Real Estate "Pig In a Poke"

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Over five hundred years ago in Europe, there was a con game that was more practiced than any other con game in the history of the world. It was simply the thing to try on the new rube in town. Someone would claim to be selling a suckling pig in a sack ("poche", from which we get "pocket" as the diminutive, as well as "pouch"). You have to understand the situation back then to appreciate what was going on. Suckling pig was tender, delicious meat, the sort that the average person of the time might only eat a few times in their life. Perhaps never, if they were poorer than average. It was highly sought after, and commanded quite a price, in terms of the average person's wages.

In reality, of course, what was in the pouch wasn't a pig at all, but rather a cat. Most modern Americans don't realize this, but "roof rabbit" was eaten back then, because the alternative was often starvation. Before potatoes were brought back from the New World, Europe did not find it easy to feed its population. Nonetheless, I'm given to understand cat meat is nasty disgusting stuff, a food of last resort, because cats are almost 100% carnivores. However, the victim of this scam didn't usually get to eat the cat, either, because they were expecting a pig, which was not nearly so nimble. As a result of this, when they opened the sack, the cat would escape. This con gave us three phrases that are very popular today: "Let the cat out of the bag," and "left holding the sack," as well as "Buy a pig in a poke."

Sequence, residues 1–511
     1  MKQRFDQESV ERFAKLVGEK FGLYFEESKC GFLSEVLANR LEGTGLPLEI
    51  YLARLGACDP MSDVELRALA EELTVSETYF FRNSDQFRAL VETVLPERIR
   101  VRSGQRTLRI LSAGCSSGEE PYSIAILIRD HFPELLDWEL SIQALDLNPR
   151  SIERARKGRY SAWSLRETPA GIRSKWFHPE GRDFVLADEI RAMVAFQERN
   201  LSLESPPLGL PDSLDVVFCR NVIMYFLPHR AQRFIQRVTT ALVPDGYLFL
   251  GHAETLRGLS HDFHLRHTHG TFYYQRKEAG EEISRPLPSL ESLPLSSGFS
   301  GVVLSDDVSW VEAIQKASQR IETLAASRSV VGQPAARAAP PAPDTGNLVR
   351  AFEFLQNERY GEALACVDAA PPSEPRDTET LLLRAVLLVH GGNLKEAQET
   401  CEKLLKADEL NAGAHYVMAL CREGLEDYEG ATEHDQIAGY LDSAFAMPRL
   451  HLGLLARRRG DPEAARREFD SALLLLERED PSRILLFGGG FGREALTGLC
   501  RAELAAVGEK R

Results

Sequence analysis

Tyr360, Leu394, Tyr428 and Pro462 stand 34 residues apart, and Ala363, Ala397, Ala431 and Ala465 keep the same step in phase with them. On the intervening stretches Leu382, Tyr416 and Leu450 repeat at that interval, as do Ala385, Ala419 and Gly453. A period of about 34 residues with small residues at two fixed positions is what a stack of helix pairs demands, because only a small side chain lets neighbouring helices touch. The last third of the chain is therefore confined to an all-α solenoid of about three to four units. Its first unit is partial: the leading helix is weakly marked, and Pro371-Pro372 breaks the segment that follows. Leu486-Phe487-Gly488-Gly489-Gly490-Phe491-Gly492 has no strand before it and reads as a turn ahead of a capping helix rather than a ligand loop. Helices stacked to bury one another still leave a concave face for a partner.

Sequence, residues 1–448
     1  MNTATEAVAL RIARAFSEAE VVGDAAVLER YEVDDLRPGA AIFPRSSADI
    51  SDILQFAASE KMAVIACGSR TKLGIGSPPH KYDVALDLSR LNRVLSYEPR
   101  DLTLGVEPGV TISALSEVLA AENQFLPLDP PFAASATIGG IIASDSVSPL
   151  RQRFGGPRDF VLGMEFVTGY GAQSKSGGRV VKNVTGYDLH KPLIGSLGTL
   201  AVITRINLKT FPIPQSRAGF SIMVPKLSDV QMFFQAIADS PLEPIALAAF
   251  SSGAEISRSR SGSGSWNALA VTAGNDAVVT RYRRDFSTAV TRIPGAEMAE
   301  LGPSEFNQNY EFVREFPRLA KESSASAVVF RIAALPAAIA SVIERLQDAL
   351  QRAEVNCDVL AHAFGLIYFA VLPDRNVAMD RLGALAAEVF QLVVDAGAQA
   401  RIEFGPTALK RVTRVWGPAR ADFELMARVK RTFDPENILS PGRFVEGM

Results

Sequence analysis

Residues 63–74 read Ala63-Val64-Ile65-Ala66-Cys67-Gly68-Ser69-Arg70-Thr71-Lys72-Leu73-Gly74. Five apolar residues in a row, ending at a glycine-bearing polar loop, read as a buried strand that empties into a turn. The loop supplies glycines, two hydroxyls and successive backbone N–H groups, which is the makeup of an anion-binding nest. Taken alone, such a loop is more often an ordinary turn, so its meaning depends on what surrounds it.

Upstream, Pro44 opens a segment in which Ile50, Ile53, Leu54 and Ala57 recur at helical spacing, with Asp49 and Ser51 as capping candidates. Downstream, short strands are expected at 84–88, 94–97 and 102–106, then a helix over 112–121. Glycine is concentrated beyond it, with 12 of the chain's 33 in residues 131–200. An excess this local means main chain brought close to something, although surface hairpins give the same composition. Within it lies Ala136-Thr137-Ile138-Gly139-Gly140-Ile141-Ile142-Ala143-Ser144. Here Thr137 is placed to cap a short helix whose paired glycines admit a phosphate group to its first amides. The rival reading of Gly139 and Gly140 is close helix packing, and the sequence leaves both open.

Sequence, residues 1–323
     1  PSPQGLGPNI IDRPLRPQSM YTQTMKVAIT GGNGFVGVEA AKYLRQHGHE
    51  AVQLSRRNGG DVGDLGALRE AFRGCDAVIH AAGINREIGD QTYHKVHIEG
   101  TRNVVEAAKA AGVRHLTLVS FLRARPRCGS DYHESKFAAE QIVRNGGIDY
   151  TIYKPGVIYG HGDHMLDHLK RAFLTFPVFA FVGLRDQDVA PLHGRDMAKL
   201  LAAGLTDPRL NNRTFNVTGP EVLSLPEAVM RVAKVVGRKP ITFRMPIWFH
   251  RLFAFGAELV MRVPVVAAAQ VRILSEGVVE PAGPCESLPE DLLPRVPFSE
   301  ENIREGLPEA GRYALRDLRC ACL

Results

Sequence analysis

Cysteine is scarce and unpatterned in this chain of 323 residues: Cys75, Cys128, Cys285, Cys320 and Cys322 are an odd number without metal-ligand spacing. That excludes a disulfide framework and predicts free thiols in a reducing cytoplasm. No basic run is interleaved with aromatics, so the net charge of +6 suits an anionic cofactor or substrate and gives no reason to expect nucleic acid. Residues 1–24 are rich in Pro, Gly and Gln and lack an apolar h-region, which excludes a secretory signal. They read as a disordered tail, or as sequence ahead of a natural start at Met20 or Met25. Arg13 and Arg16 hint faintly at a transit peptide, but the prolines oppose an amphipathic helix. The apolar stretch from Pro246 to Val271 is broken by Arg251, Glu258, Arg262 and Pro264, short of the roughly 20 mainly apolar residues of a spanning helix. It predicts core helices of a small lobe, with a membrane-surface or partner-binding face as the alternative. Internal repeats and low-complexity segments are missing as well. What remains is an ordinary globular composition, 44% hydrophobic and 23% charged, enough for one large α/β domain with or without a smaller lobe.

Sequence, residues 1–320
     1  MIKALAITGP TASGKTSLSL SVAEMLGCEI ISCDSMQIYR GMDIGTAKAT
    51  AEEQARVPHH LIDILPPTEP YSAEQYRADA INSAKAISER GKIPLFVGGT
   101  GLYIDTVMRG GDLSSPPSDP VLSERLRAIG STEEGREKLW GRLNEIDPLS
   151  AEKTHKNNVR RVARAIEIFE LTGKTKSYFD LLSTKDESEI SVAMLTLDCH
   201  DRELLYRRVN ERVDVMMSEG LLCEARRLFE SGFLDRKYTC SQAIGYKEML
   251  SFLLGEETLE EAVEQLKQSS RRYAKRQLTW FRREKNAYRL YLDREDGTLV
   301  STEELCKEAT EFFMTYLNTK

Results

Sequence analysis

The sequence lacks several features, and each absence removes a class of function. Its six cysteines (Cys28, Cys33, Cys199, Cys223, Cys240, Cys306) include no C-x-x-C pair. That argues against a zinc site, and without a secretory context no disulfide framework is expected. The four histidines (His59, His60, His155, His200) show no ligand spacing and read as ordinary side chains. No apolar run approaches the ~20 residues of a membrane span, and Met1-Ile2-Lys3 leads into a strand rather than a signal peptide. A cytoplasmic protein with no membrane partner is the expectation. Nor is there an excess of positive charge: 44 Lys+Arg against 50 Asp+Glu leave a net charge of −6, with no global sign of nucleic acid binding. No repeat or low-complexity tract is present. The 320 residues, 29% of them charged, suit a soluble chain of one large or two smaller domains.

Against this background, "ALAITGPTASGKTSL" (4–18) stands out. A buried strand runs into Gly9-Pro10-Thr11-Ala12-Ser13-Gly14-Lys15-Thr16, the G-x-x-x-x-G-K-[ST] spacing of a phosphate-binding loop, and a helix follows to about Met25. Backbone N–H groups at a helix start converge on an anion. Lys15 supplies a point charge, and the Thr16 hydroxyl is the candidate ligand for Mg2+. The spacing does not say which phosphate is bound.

So what if prospective buyers have a hard time viewing a property?

This isn't 500 years ago. People that have the financial resources to buy real estate in the United States today aren't likely to be that trusting. If they were, some alleged Nigerian millionaire would have relieved them of those resources. In fact, in advice given since at least 1530, people have been advised ""When ye proffer the pigge open the poke."

Why? Because if you don't, people are going to presume it's a cat (at best), and they're only going to offer what cat meat would be worth to them, which may not be anything. But if you show them that there really is a delicious suckling pig in the sack, they may be willing to pay the premium prices that suckling pig - or beautiful turnkey property - commands.

I don't know how many times I've gone over this with clients. People aren't looking for reasons to buy your property, they're looking for reasons not to buy your property, and, "They don't want to let me look at it," is more than sufficient reason to lose interest.

Does that have anything in common with the educated pig buyer? You bet it does. They wanted to see the pig, otherwise it was only worth the cat price (i.e. nothing unless they were starving, and then not much).

The entire process of real estate has evolved with inspections, appraisals, etcetera is precisely because the information possessed by the parties at the time of the contract is asymmetrical. That's fancy talk for the seller knows more than the buyer. The entire viewing and inspection idea has evolved from this basic fact, and the need to remedy most of the imbalance of information.

But if prospective buyers have a hard time being allowed to see the property, they are not going to make good offers. The idea is that there's probably a reason that seller won't let them look at the property, and they're most often right in that presumption.